report when they were in office and had full access to it. What purpose does it serve to keep the report buried for all times to come other than hide the failures of planning and command? Without the report there can be no lessons learned and if anything, the report will be a handbook on what not to do in case of a conflict with China.

Maxwell wrote on his website of the frustration in not seeing the report being declassified after over half a century, “The reasons for the long-term withholding of the report must be political, indeed probably partisan, perhaps even familial”. Most Western countries including the US Central Intelligence Agency (CIA) declassify documents after a period of three or more decades. In India, the manual detailing the official procedure to declassify old files is itself apparently marked confidential! Though the government officially swears by the rule to make files public after 20 or 25 years, the policy remains unimplemented. Its 52 years later now with large sections of the report quoted extensively in Maxwell’s book ‘India’s China War’, part of it leaked, and the Ministry of Defence had prepared their own version of the Official History of the Conflict with China (1962), detailing the famous ‘operations’ in 474 foolscap pages. Despite this, the government insists on keeping it a secret. It is ironic that the Chinese government is more open in this matter as they have granted access to a large collection of Chinese documents detailing Beijing’s foreign policy during the Sino-Indian War of 1962 to the Cold War International History Project of the Woodrow Wilson Center in the US. It means that the world will be able to study the 1962 conflict from a Chinese point of view, but still not from the Indian viewpoint.

National Security Advisor Shivashankar Menon said, “Everybody involved at that time had their own version of what happened… I do not think we should dignify it... making it as the true history or true picture of everything that happened.” If that’s his argument justifying why the report need not be declassified, then he should also make it clear on what basis he doubts the accuracy of the report prepared by Lieutenant-General Henderson Brooks and Brigadier P.S. Bhagat. It is disappointing that he thinks it is allright for the report to remain hidden and deny people a chance to choose which version of the story to believe just because he is not sure whether the report paints a true picture of what went on in the borders in 1962. He also mentions that the report was meant for the army from the security point of view and not to tell the whole world "what your weaknesses were". So in his reasoning, it is also okay to deprive people of Indian history at the cost of keeping India’s northeast and all other areas sharing borders with China in jitters, just so you can hide your weaknesses from the world and keep the political and military ego alive.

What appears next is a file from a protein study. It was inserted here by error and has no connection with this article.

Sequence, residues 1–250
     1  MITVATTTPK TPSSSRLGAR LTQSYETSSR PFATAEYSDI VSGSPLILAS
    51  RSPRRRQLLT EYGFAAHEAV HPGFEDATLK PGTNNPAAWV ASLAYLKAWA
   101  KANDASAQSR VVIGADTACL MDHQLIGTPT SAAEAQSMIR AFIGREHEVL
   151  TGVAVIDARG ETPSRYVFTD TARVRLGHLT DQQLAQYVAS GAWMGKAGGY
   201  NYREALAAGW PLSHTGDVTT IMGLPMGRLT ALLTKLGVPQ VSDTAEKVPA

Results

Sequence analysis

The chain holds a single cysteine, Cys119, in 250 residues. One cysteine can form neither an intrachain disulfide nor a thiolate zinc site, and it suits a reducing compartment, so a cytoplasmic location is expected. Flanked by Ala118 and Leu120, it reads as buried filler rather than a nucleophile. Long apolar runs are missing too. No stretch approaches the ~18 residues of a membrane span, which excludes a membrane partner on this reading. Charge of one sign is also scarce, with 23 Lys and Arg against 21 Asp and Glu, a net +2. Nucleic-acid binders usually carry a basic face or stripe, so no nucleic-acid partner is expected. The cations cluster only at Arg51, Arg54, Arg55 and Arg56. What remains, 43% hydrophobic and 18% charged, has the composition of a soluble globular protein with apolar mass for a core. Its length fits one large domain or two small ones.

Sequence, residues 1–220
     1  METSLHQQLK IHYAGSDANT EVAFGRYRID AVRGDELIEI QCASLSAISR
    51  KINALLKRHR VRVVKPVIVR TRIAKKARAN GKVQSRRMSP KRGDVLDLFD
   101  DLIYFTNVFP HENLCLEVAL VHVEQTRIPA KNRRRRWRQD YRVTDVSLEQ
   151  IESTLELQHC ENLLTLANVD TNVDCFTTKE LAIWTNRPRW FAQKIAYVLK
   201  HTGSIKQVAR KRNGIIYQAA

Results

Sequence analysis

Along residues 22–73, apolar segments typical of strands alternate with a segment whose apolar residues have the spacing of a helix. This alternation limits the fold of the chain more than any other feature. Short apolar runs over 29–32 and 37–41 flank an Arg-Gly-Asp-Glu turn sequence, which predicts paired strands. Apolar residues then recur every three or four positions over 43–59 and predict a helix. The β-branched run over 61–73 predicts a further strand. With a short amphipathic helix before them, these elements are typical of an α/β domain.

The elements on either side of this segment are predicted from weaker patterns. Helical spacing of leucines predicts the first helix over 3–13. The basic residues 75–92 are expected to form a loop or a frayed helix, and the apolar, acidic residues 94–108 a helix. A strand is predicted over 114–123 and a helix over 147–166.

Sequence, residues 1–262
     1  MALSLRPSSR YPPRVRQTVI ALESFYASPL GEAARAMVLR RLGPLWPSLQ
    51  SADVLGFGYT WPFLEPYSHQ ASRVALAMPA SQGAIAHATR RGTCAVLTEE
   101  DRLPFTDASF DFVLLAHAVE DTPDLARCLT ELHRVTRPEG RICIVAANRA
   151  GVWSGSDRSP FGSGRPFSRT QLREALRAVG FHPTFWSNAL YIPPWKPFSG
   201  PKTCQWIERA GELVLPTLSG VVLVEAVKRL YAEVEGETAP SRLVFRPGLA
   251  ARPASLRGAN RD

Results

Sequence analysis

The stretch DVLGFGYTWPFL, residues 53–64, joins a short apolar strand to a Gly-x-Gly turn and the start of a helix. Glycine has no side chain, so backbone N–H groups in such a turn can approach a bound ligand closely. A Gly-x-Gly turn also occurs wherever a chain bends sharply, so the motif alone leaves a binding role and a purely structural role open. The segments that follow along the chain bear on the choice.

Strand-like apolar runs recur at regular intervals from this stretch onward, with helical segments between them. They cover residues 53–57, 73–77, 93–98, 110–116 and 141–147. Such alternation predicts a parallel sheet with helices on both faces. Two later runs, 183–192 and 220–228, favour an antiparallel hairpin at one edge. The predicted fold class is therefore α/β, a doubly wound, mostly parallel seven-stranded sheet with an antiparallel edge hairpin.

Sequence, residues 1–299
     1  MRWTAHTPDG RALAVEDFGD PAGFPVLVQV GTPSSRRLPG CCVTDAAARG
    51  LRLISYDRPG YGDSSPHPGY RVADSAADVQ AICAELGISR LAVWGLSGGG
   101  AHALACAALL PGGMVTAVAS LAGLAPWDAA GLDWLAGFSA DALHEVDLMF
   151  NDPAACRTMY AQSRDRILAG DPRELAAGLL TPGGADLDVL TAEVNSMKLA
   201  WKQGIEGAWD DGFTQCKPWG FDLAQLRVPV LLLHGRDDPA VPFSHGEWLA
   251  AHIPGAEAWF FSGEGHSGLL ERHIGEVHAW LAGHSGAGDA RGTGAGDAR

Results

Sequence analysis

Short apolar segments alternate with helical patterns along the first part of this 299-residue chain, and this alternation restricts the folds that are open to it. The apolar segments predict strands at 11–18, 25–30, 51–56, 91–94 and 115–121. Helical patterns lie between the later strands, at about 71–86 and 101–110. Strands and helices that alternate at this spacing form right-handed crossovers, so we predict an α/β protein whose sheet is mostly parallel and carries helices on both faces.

The Henderson Brooks-Bhagat report comes at a particularly relevant time when there has been frequent border incursions and debate over conflict on sharing the Brahmaputra, keeping relations tense between the two neighbours. Following the leak of the Henderson Brooks report, Chinese President Xi Jinping has asserted that he sees strengthening relations between the two countries as his historic mission. Xi is scheduled to visit India later in the year in what could provide the next government in New Delhi with a golden opportunity to revive bilateral ties. It is high time India gets over its China fixation and adopts a new approach towards China, not only for security reasons but also for trade, industry and markets. Friendship with China is also crucial for India’s Look East Policy. More than anything, there is a need to avoid any further misadventures with China. Nehru may have bid farewell to the people of Assam back in 1962, but now its time to bury all thoughts about that farewell speech and work towards strengthening relations with China. After all, 2014 is not 1962 and the stakes are higher.